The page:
Tackling Chiefs’ biggest concern for opener

Sam Mcdowell
The Kansas City Star (TNS)
Kansas City's Anthony Hitchens tackles San Francisco's Raheem Mostert during the second half of Super Bowl LIV.

In a segment of the Chiefs practice field, players alternate running full speed and crashing into a weighted bag. The drill is just about as old as the sport itself, surviving innovation and sprinkling to every age of youth, high school and professional football.

The intent is to simulate a tackle, all the while knowing there's little replication for the real thing. Best they can do, though.

For now. On Thursday night at Arrowhead, after an offseason absent tackles and hard hits, the weighted bags transform to ball-carriers on the move. With instincts to dart away from the contact or the power to fight through it. They're shifty. They're acrobatic. And believe it or not, they are not quite as keen on being wrapped up as a tackling dummy.

Without a preseason schedule, the Chiefs — and other NFL teams — are about as least prepared for it as they've ever been.

"No question my number one concern," Chiefs defensive coordinator Steve Spagnuolo said. "We've tried to simulate it as much as possible. We don't have a lot of live periods -- we do a little tackling that way. I think the coaches, the assistant coaches, have done a great job getting it done as best they could."

There has long existed the narrative that offenses possess a bit of an advantage in the opening week. Or at least they should. After months to institute new plays, they hide them from the tape. A defense, therefore, must react on the fly.

The lack of live game action — which would offer players the chance to hit someone — only furthers that notion. The Chiefs will give rookies their first NFL snaps on Thursday. Linebacker Willie Gay and cornerback L'Jarius Sneed, in particular, could see a lot of playing time. They've never before faced NFL competition.

"It's going to be tough, man. Obviously not being able to have preseason games (and) we missed a good portion of the spring. I think tackling at this level is tough on its own," Chiefs safety Tyrann Mathieu said. "A lot of these guys can make multiple people miss."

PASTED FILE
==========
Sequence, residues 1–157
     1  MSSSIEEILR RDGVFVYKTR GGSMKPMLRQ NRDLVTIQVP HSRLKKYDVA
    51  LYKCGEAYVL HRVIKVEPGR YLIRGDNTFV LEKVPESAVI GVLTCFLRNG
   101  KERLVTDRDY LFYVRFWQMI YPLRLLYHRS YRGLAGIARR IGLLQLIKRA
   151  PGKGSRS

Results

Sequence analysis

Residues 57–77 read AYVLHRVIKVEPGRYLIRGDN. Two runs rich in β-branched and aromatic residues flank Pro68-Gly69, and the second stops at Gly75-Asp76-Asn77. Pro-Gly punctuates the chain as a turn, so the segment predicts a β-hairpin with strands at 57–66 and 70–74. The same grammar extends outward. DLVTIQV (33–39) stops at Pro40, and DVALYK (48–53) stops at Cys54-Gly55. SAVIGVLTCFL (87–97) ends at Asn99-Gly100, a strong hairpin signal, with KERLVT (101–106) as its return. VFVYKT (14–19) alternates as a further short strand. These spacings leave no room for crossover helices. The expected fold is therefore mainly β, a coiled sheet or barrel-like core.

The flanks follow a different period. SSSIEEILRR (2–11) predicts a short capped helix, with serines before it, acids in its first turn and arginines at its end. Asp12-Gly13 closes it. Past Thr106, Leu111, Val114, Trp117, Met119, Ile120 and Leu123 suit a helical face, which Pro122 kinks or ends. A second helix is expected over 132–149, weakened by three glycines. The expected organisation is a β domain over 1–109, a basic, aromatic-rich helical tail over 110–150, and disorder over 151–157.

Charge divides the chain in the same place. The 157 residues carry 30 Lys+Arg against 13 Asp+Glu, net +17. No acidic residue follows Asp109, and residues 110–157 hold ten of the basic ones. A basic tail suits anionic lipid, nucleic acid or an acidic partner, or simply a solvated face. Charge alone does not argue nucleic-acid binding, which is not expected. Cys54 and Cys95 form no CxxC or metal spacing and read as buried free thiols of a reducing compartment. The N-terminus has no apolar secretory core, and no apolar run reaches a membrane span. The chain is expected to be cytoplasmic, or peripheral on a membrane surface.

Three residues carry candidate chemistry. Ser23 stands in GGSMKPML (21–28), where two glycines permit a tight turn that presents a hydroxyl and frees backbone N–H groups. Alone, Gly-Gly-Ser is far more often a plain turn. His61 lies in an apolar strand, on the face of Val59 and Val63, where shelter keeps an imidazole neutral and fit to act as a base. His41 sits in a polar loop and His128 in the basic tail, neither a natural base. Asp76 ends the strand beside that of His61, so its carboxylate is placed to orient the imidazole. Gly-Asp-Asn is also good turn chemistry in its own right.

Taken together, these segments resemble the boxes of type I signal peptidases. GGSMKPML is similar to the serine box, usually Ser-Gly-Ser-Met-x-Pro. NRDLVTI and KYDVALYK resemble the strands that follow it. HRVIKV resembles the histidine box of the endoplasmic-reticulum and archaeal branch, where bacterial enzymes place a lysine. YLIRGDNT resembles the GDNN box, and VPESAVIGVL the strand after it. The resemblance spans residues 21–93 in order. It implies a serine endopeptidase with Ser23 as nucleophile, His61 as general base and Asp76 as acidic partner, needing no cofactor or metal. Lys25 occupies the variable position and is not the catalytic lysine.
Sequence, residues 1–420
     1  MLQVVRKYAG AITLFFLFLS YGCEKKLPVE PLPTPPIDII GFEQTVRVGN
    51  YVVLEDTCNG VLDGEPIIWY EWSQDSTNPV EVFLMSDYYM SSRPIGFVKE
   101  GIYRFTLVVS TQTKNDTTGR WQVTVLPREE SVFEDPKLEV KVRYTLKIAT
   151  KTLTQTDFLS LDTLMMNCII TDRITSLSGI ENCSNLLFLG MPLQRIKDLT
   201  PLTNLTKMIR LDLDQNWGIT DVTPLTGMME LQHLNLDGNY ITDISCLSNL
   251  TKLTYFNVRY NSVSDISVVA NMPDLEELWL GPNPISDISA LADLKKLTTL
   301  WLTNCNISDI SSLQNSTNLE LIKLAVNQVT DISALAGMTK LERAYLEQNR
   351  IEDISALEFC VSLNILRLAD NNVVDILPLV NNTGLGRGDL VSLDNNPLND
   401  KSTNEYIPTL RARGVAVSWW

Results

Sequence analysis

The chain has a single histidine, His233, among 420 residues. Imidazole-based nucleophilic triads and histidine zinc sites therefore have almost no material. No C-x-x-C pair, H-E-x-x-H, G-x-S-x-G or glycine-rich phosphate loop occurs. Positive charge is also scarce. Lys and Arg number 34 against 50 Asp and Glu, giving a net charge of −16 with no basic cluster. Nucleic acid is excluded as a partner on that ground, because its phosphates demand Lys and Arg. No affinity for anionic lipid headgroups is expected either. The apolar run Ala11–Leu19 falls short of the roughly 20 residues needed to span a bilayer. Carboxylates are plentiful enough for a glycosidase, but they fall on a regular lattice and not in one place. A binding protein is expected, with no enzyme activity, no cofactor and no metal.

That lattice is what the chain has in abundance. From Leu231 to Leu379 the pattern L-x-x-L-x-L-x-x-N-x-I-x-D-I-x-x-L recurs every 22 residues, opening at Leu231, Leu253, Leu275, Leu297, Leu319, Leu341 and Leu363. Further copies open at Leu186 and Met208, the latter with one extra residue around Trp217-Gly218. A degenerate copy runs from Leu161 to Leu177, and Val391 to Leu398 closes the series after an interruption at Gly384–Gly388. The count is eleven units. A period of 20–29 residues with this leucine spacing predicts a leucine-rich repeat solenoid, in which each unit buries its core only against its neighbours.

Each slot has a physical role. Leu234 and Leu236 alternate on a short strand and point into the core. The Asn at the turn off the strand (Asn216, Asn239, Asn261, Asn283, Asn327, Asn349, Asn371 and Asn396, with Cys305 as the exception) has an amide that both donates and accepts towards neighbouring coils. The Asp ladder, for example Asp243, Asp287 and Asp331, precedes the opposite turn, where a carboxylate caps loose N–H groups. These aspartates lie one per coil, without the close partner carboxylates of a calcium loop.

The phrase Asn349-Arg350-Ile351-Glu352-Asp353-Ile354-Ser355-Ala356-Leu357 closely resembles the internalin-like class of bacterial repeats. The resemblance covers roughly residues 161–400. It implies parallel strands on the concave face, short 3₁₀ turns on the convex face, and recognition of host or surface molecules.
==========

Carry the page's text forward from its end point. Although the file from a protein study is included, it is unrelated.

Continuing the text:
A segment of the Chiefs' search for a solution settled on video. It's not self-scouting. It's not even scouting Thursday's opponent, the Houston Texans.

It's film on the fundamentals.

"I don't know whether it will help or not. But every day we watch tape of tackling," Spagnuolo said. "I'm talking about good tackles, how to tackle. So maybe it's a visual thing. But it's a concern. We won't know until we get into the middle of the game and see how some of these guys react."

Tackling is more than good form. More than strength. More than wrapping up.

It requires instincts. It necessitates taking the right angles. Sometimes, it's about playing in accordance with teammates. That all revolves around timing, and that's one of the last elements to emerge after a quiet offseason.

"I think you (need to) have the ability to play fast, play to your leverage, use your teammates," Mathieu said. "I think all tackles aren't necessarily meant for you to make. Sometimes it's for you to use your help, and two guys bring down one guy. But as long as we can play fast, as long as we can play to our leverage, use our teammates, I'm hoping we'll be fine. But, yeah, I think it will be an adjustment early on. But as long as we're playing fast, I think we can make up for some of the mistakes we may have in the game."